Changes the frequency, duration and pitch of a selected part of the audio.
Time Warp (stretch)
Changes the playback speed or stretches/compresses the length of the selection.
Removes sounds outside of the selected part of audio.
A rhythmic fluctuation in pitch.
Allows only the band of frequencies surrounding the cutoff frequency to pass through.
Does the opposite of Band Pass filters, blocks all frequencies within a specified range.
Only allows the frequencies higher than the cutoff frequency.
High Shelf Pass
Filters frequencies above a selected frequency.
Permits all frequencies lower than the cutoff frequency through.
Low Shelf Pass
A type of filter in which all frequencies below a selected frequency are affected.
Reduces unwanted noises within a sound, such as a background hisses, hums or interference, cannot however be used to separate or remove vocals or voices.
Often referred to as a "band reject filter", attenuates frequencies closest to the center frequency of a filter setting, used to minimize hum or acoustic feedback.
Eliminates abrupt changes in a sound, often used in restoration.
Deletes silence from a selected part of an audio file.
Reduces hiss and crackle, often used when restoring old recordings or LPs.
Applies Fast Fourier Transform (FFT) filter to a selected part of an audio file, smoothes amplitude transitions at various frequencies, points above zero amplify and filter, points below zero attenuate and filter.
A graphical representation of an audio file that is a mathematical representation of a wave, obtained by plotting a characteristic of the wave against time.
Visual display of a frequency graph, the horizontal axis is frequency in Hertz (Hz) and the vertical axis is magnitude in decibels (dB).
Displays the peak volume of the waveform.
Displays frequency information over time, the horizontal axis is time in seconds (s), the vertical axis is frequency in Hertz (Hz), and the color represents the frequency's magnitude (dB). Often used to analyze amplitude versus frequency.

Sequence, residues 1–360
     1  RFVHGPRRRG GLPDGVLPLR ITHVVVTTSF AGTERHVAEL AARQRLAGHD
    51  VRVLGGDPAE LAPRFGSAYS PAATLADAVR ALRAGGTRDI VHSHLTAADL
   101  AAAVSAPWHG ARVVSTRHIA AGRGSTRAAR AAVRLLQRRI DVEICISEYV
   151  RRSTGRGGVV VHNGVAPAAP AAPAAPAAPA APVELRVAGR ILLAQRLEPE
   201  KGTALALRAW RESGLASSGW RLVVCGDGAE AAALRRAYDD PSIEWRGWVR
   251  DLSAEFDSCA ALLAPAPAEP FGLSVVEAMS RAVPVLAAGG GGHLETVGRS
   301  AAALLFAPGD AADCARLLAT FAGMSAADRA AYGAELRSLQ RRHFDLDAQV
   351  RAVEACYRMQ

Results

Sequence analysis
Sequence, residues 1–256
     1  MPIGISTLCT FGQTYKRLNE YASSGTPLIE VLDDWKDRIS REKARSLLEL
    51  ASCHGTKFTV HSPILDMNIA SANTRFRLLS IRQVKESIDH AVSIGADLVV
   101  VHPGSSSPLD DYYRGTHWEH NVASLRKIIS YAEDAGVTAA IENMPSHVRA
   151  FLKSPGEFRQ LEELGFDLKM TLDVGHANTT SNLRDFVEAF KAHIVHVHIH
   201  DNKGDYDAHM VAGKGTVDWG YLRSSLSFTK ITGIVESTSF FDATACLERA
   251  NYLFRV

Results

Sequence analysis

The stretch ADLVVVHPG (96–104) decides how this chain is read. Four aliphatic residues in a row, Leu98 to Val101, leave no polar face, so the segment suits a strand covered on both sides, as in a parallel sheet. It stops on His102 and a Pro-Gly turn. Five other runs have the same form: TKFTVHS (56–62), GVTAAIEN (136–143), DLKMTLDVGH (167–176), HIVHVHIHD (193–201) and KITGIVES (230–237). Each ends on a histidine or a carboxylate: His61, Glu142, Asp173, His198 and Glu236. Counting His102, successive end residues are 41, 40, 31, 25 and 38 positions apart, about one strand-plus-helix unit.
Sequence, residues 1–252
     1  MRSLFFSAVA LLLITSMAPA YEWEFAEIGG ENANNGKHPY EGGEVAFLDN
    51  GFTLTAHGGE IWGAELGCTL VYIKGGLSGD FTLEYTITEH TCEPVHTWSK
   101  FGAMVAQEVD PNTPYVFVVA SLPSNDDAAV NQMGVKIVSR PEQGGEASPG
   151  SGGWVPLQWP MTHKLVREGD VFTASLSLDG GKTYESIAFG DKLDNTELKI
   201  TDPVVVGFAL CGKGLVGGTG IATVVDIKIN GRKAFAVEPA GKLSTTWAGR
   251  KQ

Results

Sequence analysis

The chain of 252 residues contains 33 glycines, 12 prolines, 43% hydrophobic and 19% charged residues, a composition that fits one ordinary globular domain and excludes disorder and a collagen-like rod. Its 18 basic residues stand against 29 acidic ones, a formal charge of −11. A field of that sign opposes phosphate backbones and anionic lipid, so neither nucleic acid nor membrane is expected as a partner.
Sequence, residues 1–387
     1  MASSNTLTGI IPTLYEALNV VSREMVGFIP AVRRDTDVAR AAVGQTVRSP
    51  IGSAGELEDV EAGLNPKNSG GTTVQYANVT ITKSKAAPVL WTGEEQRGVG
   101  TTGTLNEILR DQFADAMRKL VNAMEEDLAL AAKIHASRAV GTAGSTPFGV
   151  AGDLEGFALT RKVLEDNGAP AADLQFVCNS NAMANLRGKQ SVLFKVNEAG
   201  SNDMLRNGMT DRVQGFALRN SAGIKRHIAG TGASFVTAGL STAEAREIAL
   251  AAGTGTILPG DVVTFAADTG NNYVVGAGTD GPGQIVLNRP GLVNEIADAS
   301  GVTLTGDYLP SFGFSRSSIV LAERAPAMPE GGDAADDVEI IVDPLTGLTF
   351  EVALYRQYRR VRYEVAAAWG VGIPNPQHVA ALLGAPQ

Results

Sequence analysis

Has the ability to record from a line-in such as a microphone, stereo or other device.
Can record sound from the internet, such as an internet radio station or other streaming audio.
Has the ability to either record from a downloaded CD or can rip directly from a CD.
Can pull audio from a video file.
Can record from Musical Instrument Digital Interface (MIDI) files, such as those created from a keyboard.
Has the ability to record what is playing on the sound card, which means that nearly anything can be recorded.
Help And Support:
Frequently Asked Questions (FAQ) answer questions commonly asked by users.
Allows free intermediate upgrades of purchased software.
An online discussion relating to audio editing topics and the software, often can help with common errors, troubleshooting or simply to learn new ways to use features.
A helpful resource that defines terms used in the program that relate to audio editing.
An inter-program feature that provides quick access to help.
Technical Support Contact
The manufacturer posts contact information, through either telephone or email, for technical support.
The product includes a comprehensive product manual either inter-program, online or through a download.
Step-by-step instructions on how to use a specific feature, offered either through the help section or online.